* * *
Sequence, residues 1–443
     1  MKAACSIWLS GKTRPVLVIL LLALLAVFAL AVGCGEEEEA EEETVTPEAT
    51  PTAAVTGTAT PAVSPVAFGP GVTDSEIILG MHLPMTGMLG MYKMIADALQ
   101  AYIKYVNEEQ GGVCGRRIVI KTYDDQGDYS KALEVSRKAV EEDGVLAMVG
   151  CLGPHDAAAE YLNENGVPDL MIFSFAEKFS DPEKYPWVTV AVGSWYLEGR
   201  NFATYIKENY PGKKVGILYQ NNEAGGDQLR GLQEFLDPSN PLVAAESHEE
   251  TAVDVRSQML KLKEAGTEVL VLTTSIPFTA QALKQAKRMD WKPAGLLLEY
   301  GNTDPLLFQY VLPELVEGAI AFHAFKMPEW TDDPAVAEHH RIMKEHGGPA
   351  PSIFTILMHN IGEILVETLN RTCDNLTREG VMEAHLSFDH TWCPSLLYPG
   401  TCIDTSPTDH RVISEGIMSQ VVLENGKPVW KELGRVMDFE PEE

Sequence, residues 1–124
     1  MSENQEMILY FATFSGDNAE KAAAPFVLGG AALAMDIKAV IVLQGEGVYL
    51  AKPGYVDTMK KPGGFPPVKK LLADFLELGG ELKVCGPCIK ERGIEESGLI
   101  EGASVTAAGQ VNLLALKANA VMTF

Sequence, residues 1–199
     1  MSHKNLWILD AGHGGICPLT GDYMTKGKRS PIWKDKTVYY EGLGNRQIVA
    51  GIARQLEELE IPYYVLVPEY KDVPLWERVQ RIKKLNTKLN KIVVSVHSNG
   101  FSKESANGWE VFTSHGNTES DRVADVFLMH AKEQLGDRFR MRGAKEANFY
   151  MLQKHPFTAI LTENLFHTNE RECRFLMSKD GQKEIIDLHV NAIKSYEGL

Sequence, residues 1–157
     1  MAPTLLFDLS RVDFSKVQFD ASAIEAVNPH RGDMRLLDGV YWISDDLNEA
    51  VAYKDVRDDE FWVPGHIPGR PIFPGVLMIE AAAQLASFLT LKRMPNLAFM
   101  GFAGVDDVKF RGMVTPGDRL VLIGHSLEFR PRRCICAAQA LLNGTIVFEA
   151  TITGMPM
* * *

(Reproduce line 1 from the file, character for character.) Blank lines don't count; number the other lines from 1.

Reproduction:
Sequence, residues 1–443